Somewhere in the world it is snack time

The doctors gave me an ultimatum. I could either stay in hospital for another week or go home on home IV’s.

I think you can figure out which option was most attractive.

I’ve been working very hard at resting, sleeping, eating and drinking. No joke, it actually is hard work. We’ve all had things in our lives that we have to do, and because we have to do them, they are hard work. Having to eat lots of food, for example, makes it hard work. Even when the food is bacon, cronuts, cheese and chocolate. Yep, even then. My efforts are also hampered because my appetite has decreased and I can’t eat quite as much in one go as I used to. Right now, eating is a massive chore.

After my bowel threw a tantrum I dropped down to my lowest weight in seventeen years. If you look at me you won’t see a skeleton and recoil in horror. I’m skinny…. but I don’t look ridiculously skinny. I simply don’t have a buffer of stored calories to tide me through another temper tantrum from any disgruntled organs. I need an extra five or so kilos of weight before the dietician will take the “MALNOURISHED” sticker off my chart. I am trying to embrace multiple between-meal snacks and am well on my way to a Sustagen addiction.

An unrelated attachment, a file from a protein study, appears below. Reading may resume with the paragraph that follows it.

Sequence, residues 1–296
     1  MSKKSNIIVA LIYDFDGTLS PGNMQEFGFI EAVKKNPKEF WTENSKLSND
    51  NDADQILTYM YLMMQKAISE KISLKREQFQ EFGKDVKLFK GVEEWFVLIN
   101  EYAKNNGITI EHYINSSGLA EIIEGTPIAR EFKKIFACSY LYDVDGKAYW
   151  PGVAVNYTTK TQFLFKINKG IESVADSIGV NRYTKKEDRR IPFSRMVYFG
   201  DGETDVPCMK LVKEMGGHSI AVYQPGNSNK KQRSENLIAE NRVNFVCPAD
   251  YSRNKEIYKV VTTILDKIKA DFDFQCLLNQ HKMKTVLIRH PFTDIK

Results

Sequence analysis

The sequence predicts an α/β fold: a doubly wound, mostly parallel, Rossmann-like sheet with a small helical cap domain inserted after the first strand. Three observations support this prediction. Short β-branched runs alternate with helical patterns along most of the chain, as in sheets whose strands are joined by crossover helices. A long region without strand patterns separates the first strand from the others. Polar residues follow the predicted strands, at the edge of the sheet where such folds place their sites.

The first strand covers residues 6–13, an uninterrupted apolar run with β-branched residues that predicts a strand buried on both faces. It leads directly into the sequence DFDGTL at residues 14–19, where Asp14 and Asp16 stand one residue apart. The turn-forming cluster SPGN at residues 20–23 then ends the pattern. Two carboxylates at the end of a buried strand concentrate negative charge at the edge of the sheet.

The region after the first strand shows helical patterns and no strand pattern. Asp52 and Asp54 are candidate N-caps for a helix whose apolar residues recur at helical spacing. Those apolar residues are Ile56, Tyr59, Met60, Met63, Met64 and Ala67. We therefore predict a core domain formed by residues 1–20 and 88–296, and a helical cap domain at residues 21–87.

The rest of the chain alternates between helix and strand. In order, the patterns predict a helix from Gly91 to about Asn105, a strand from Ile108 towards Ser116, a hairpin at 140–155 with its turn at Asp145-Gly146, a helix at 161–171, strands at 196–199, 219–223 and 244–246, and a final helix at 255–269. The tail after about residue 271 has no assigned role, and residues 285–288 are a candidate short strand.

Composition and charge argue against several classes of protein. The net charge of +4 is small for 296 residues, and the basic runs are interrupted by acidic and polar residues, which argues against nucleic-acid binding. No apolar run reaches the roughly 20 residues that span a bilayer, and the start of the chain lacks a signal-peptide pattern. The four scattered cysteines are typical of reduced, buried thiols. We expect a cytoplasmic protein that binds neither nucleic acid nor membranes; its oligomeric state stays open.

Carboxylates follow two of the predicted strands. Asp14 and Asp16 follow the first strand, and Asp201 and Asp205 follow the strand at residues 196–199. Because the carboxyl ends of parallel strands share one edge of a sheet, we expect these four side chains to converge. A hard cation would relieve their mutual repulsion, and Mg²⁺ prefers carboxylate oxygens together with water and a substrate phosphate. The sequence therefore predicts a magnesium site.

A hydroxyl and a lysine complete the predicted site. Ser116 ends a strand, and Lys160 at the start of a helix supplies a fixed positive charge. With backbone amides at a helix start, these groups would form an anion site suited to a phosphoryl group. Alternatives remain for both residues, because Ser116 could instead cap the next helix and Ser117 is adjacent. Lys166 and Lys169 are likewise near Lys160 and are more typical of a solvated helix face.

Meanwhile, Dave is also skinny, not drinking enough, and prone to bouts of trying to do too much. I spend much of my day pestering him.

“Oooh, look! It’s time for a snack!”


“Here’s yet another glass of water. Bottoms up!”


“Stop right where you are. Don’t take the rubbish out. I’ll do it.”

He may not thank me, but his kidneys will.

Somewhere in the world it is snack time

I just attended clinic for a review. “What the heck” my doctor said, “let’s run a few more tests!” I’ll be going back for another review in three weeks when hopefully everything single thing about my health will be firmly back at the awesome end of the spectrum. During the extended discussion with my doctor I accidentally learned that I have a “mostly absent pancreas”. Apparently this is pretty normal for people with CF who are pancreatic insufficient. I was under the impression that my pancreas was merely useless, which is annoying enough, but it turns out it’s almost absent. It’s not every day I find out I’m essentially missing a major organ, so today will certainly be noted as a surreal experience.

Dave and his presumably-mostly-absent pancreas will be meeting with his doctor next Wednesday to come up with a plan to get him healthy. At the moment they have concocted what I like to call the “No Plan” plan. That is, he will stop IV’s, resume his normal life and… we’ll see what happens.

We have received sensational care from our medical team. They have seen one or both of us every day for about three weeks straight. They have truly gone above and beyond. We are super thankful for everything they have done for us and everything they will do for us for as long as we both continue to live. We are so very lucky to have access to a centre of excellence in CF care.

Honestly? May 2015 has been a shocker. We are about to enter a new month and I sincerely hope it brings us both better health!

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